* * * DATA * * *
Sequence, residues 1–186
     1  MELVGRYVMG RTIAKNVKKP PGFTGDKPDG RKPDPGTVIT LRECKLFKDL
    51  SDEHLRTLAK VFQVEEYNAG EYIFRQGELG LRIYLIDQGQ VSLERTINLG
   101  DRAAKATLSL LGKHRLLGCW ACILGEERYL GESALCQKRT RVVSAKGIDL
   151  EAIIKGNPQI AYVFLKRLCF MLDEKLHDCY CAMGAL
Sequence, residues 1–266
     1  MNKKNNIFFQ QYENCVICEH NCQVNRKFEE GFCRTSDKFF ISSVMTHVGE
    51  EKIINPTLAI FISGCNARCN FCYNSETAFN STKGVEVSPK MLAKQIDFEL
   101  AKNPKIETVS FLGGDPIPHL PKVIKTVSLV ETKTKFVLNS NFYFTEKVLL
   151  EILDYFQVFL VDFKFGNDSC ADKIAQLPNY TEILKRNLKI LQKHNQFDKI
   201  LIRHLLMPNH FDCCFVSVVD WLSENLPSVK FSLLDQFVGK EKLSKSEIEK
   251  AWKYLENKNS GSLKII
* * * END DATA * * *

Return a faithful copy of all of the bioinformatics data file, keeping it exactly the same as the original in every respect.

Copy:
Sequence, residues 1–186
     1  MELVGRYVMG RTIAKNVKKP PGFTGDKPDG RKPDPGTVIT LRECKLFKDL
    51  SDEHLRTLAK VFQVEEYNAG EYIFRQGELG LRIYLIDQGQ VSLERTINLG
   101  DRAAKATLSL LGKHRLLGCW ACILGEERYL GESALCQKRT RVVSAKGIDL
   151  EAIIKGNPQI AYVFLKRLCF MLDEKLHDCY CAMGAL
Sequence, residues 1–266
     1  MNKKNNIFFQ QYENCVICEH NCQVNRKFEE GFCRTSDKFF ISSVMTHVGE
    51  EKIINPTLAI FISGCNARCN FCYNSETAFN STKGVEVSPK MLAKQIDFEL
   101  AKNPKIETVS FLGGDPIPHL PKVIKTVSLV ETKTKFVLNS NFYFTEKVLL
   151  EILDYFQVFL VDFKFGNDSC ADKIAQLPNY TEILKRNLKI LQKHNQFDKI
   201  LIRHLLMPNH FDCCFVSVVD WLSENLPSVK FSLLDQFVGK EKLSKSEIEK
   251  AWKYLENKNS GSLKII